As for your particular choices for low light, all I can say is that your images are impeccable (as always), so I can only aspire to look and learn. Your "good shot" statistics are quite telling. Sounds like the 28/1.4 is a winner.

Thanks for sharing the great work so the rest of us can enjoy and take notes.

-r
Roger M is offline   Reply With Quote
Old Nov 13, 2002, 2:40 AM   #13
Moderator
 
Join Date: Jun 2002
Posts: 157
Default

Roger, the next time you get a chance to use the 50/1.0, see if you can go somewhere where you can shoot flat-field (e.g. paintings). You'll notice at wide apertures an extreme difference in detail when looking at fine lines, small brushmarks and details in the canvas in comparison to large details, which are rendered quite well in the center 2/3 of the frame. Essentially, what you'll see is a good general look with little definition of fine detail. Another test would be shooting a wide aperture portrait. Lock securely on the eyes and check the results on eyebrows and eyelashes, details in the iris, skin details, and facial hair. You'll immediately see what I mean.

I agree that the 50/1.4 makes one heck of a lot better sense.

I'm pleased that you enjoyed the Getty shots
RonReznick is offline   Reply With Quote
Old Nov 13, 2002, 3:50 AM   #14
Member
 
Join Date: Jun 2002
Posts: 92
Default

Hey Ron, are you still pushing that $60 28 f1.4?
I shot a wedding with the 50 f1.4 and have to agree with you, it's a steal at $300 and is good as some of the L lenses. It also improves the D60's poor AF in low light. I had my eye on the 1Ds but I'm about $6000 short so I think I'll go for the 24-70L when it becomes available.
I can see by your Arizona Scenics and Wildlife you haven't lost your touch. Where have you been hanging out, haven't seen you around lately? I'm still shooting seagulls, old habits are hard to break.

Tom
Tom C is offline   Reply With Quote
Old Nov 13, 2002, 10:26 AM   #15
Moderator
 
Join Date: Jun 2002
Posts: 157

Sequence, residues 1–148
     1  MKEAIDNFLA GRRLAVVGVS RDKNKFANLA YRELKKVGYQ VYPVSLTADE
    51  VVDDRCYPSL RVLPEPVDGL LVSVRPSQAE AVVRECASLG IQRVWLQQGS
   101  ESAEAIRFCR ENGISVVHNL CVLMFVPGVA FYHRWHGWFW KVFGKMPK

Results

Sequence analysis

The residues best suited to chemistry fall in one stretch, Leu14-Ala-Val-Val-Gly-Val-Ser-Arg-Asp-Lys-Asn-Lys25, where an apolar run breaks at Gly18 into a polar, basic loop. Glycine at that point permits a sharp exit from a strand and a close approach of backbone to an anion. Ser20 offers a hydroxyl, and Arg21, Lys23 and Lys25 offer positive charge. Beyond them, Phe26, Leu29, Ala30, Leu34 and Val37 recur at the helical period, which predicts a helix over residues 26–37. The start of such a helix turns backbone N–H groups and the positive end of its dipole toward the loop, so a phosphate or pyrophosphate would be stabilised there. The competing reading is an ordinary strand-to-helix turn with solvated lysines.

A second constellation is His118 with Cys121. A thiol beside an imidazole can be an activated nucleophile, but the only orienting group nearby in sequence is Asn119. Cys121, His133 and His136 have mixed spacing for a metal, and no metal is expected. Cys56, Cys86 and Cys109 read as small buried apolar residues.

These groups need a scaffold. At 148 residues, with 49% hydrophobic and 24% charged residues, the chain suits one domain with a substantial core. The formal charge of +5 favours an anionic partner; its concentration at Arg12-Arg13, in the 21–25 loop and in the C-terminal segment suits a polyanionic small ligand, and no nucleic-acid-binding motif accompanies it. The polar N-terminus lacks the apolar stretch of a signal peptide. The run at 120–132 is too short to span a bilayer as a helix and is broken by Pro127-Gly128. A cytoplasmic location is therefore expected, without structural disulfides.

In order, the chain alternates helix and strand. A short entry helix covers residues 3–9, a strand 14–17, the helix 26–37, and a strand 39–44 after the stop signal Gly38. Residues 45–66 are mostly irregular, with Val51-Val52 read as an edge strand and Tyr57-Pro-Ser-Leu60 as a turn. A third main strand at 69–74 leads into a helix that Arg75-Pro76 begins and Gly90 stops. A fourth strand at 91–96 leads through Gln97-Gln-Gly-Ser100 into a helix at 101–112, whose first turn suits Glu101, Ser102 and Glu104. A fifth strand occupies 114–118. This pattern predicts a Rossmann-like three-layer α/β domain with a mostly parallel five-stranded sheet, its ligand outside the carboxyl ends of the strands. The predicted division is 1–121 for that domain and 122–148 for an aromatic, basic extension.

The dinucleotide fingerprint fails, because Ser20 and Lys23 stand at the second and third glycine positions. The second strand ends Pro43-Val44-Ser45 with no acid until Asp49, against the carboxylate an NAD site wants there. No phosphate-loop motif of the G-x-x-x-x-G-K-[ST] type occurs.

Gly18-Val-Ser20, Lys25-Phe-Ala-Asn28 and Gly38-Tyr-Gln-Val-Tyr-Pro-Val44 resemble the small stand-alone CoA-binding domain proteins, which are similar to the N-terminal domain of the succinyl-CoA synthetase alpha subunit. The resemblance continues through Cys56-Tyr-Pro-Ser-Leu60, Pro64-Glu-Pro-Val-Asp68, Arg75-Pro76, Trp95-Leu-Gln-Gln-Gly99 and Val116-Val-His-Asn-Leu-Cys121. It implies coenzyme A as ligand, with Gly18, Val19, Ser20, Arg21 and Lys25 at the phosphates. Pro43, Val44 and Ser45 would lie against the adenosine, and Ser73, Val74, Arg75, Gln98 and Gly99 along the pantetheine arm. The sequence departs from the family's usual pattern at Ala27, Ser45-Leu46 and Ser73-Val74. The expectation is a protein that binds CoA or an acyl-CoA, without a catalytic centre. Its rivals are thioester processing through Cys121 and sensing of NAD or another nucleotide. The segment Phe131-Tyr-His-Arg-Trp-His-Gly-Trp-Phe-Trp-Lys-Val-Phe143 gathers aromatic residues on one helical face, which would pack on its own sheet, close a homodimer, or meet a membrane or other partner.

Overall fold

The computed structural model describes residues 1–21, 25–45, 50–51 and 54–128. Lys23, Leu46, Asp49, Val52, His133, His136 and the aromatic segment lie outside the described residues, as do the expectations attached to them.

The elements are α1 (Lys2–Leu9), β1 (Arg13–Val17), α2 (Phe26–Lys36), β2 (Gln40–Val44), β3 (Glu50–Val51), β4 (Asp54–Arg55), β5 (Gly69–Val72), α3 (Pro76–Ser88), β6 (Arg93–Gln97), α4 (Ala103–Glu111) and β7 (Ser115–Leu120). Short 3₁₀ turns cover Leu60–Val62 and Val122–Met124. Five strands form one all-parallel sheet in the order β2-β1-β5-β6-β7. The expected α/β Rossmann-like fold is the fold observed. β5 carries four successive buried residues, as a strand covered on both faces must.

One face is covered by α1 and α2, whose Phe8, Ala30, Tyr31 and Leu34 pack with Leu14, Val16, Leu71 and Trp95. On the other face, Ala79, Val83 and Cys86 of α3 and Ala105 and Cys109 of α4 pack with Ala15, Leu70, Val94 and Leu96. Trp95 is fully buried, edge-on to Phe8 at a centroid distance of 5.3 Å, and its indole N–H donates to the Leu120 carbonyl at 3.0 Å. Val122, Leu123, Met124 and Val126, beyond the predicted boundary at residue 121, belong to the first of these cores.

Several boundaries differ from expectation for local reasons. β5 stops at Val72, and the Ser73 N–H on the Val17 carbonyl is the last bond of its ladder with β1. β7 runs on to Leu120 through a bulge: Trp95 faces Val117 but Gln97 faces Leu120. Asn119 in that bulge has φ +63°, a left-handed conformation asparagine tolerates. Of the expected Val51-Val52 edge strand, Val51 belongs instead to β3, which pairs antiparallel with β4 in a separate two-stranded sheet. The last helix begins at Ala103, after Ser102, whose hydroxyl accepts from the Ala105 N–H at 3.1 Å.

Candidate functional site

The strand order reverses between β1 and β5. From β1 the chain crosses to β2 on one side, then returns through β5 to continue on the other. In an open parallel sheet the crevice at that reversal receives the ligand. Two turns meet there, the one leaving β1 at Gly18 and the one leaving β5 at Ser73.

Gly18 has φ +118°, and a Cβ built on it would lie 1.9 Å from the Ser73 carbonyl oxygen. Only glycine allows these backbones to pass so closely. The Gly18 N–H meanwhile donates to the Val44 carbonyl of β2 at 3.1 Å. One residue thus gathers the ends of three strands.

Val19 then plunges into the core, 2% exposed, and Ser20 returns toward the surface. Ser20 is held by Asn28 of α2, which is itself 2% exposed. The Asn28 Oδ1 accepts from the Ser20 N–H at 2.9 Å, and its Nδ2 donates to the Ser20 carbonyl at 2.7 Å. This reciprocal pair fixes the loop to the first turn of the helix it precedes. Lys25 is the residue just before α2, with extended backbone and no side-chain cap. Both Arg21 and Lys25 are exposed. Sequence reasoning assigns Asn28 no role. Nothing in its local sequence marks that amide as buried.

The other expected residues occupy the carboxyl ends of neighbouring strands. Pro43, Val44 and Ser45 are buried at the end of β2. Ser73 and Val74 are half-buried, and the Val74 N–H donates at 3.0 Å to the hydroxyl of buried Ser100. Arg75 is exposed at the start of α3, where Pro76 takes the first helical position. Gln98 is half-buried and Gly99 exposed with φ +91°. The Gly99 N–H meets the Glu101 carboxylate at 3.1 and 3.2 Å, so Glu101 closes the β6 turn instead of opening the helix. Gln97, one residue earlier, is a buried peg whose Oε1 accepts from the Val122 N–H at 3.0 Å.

Default

Hey, Tom!

It's been pretty busy lately... I haven't had a heck of a lot of time for casual shooting during the day as I used to, but I think I'm going to try to make some soon. An hour and a half of escape turns into three or four when it comes time for processing, you know?

If I were shooting weddings and such, I'd go for a wide-to-tele zoom too. Fortunately, I don't do that (I've shot a grand total of three). I am however going to be finding myself shooting models a lot more in the future if a meeting today goes right, so I may have to reacquire one of those monster 28-70s. The primes really do a spectacular job, but under the studio lights I can rarely shoot the wide aperture stuff, and at f/8-f/11 the zoom is fine, plus the flexibility of focal length offsets any minor performance penalty.

This next few months ought to be interesting

Speaking of the next few months, the new releases ought to finally allow for effectively unlimited output size. What I'm hoping to see in the next Nikon release is around 6-8MP in a high-speed, large buffer, large photosite "h-series" body, but they are more likely to go with something ridiculous to compete against the 1Ds, which is really designed as a studio/landscape camera. Frankly, I don't envy anyone the workflow hassles involved with storage and processing of 11-14MP files. I guess we'll soon see. For the studio stuff, it might be necessary to go this route, esp. since another part of that studio work will entail product photography for advertising ($$$).